Lawyer Peter Rosenthal, the clinic’s counsel, said he believes enough evidence has now been amassed to prove the law’s harmful effects.

“One thing that’s different from the beginning of this act is we now have the experience that Fair Change and others can report on of the devastating effects of this act on homeless people and other poor people who are forced to panhandle,” he said.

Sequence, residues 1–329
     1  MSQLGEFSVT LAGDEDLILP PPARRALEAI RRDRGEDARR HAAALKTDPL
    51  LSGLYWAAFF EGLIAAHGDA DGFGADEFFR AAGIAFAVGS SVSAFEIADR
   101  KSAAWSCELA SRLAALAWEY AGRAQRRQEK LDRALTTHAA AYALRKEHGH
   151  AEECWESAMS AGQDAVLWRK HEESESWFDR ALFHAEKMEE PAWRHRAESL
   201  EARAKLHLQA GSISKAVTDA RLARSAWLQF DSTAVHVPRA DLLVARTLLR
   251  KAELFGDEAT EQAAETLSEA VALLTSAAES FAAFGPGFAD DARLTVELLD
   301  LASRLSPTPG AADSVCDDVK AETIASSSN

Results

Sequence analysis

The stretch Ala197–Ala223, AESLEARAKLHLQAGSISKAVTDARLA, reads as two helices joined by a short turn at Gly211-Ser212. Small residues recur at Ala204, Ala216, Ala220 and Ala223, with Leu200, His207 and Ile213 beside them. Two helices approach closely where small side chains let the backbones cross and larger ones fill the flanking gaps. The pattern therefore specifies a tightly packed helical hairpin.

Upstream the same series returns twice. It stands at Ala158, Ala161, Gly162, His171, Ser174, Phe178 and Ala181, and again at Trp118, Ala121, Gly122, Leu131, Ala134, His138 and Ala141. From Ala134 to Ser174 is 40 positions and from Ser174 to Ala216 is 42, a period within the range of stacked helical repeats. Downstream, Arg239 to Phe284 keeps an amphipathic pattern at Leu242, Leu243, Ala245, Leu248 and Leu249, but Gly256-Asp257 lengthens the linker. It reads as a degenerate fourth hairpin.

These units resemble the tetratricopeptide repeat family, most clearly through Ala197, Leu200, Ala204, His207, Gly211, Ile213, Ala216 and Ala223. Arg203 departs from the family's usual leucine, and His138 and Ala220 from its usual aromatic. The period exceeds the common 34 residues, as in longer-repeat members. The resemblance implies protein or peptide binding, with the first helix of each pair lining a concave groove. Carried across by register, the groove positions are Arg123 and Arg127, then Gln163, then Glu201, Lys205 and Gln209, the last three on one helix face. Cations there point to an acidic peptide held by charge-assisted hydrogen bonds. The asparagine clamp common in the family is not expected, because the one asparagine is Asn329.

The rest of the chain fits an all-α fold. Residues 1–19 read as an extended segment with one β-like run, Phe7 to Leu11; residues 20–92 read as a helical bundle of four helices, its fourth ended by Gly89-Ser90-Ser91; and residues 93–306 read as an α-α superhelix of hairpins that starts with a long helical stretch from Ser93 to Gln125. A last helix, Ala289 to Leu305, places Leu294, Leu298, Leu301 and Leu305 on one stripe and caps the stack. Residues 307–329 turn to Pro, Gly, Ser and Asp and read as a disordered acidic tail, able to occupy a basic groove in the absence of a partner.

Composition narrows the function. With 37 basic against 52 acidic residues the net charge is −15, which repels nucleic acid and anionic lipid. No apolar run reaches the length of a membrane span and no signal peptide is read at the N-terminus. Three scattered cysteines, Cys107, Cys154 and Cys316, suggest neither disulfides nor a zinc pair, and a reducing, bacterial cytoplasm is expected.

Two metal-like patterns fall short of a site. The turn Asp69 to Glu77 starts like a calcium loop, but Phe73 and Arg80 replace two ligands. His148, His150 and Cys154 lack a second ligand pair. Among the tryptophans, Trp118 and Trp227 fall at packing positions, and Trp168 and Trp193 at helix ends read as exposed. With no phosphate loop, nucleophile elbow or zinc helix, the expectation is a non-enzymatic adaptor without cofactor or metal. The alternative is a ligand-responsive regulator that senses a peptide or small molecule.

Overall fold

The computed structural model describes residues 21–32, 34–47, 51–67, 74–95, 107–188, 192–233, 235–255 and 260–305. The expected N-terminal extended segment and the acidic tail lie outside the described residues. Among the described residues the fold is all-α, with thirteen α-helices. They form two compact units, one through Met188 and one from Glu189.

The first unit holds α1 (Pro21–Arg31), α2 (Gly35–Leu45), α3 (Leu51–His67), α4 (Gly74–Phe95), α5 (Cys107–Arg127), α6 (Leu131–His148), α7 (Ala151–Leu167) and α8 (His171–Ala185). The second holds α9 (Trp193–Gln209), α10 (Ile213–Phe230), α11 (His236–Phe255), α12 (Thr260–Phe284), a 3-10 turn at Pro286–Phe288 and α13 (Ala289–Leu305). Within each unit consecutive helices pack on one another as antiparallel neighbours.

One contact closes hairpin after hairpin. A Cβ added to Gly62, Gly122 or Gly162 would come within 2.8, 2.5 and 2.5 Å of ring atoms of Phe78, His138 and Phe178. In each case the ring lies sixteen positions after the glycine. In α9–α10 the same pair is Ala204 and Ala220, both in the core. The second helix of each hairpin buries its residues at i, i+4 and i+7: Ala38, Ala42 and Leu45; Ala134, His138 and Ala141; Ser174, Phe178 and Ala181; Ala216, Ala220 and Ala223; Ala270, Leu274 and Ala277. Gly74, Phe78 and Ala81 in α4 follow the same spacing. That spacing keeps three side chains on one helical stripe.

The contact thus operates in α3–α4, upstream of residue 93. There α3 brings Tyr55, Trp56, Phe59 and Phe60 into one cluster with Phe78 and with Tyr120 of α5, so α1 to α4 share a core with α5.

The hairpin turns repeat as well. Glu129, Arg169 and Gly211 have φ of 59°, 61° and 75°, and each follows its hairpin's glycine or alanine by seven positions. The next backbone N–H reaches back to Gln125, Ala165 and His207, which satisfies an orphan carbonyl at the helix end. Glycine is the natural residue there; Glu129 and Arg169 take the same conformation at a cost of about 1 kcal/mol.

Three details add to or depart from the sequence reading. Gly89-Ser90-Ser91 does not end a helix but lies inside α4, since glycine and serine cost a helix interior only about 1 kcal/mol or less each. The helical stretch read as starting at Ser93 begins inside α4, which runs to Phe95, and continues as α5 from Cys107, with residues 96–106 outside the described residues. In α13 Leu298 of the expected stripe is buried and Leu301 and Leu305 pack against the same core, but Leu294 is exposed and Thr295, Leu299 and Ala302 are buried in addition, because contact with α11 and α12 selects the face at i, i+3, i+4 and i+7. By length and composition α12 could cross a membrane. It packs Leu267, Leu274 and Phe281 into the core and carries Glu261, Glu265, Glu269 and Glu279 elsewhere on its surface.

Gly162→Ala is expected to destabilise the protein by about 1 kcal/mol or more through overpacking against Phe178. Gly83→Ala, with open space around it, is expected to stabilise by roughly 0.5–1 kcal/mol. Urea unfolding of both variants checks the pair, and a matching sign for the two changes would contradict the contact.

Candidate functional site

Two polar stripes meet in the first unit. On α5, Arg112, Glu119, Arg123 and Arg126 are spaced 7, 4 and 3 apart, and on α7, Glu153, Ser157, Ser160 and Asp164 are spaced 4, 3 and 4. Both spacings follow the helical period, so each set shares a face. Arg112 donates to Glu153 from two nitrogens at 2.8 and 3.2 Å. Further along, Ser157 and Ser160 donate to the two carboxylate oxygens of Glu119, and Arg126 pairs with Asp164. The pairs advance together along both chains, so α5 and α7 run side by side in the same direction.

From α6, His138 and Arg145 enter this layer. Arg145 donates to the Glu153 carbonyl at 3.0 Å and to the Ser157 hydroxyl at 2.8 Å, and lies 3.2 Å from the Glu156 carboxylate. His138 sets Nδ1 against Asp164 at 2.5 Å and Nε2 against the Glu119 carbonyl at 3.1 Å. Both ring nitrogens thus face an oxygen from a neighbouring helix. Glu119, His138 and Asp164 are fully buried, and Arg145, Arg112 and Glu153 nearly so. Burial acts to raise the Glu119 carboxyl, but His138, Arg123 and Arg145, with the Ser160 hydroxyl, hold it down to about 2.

Ontario’s Progressive Conservative government at the time passed the law, but the Liberal government introduced an amendment to exempt registered charities, Rosenthal noted.

“In our view that strengthens our argument about how discriminatory this act is,” he said.

New Democrat Cheri DiNovo also has a private member’s bill before the provincial legislature to repeal the Safe Streets Act, but it has seen no movement since it passed first reading in October 2016.